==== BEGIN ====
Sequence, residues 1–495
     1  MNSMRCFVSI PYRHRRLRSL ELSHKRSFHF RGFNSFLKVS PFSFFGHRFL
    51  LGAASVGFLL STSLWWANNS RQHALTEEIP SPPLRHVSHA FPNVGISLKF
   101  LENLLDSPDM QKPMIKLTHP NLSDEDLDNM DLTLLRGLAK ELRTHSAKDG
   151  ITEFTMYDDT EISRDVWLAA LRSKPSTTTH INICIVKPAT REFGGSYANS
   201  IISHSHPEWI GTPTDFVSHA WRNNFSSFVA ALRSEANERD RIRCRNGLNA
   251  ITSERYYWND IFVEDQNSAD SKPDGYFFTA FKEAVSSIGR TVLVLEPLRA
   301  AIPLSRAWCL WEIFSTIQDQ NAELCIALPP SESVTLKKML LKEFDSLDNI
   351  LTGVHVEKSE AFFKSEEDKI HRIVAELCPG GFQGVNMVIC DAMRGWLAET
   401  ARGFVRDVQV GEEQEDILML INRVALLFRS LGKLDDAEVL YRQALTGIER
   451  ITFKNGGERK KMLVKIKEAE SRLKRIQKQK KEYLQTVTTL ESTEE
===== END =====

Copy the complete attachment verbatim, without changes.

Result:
Sequence, residues 1–495
     1  MNSMRCFVSI PYRHRRLRSL ELSHKRSFHF RGFNSFLKVS PFSFFGHRFL
    51  LGAASVGFLL STSLWWANNS RQHALTEEIP SPPLRHVSHA FPNVGISLKF
   101  LENLLDSPDM QKPMIKLTHP NLSDEDLDNM DLTLLRGLAK ELRTHSAKDG
   151  ITEFTMYDDT EISRDVWLAA LRSKPSTTTH INICIVKPAT REFGGSYANS
   201  IISHSHPEWI GTPTDFVSHA WRNNFSSFVA ALRSEANERD RIRCRNGLNA
   251  ITSERYYWND IFVEDQNSAD SKPDGYFFTA FKEAVSSIGR TVLVLEPLRA
   301  AIPLSRAWCL WEIFSTIQDQ NAELCIALPP SESVTLKKML LKEFDSLDNI
   351  LTGVHVEKSE AFFKSEEDKI HRIVAELCPG GFQGVNMVIC DAMRGWLAET
   401  ARGFVRDVQV GEEQEDILML INRVALLFRS LGKLDDAEVL YRQALTGIER
   451  ITFKNGGERK KMLVKIKEAE SRLKRIQKQK KEYLQTVTTL ESTEE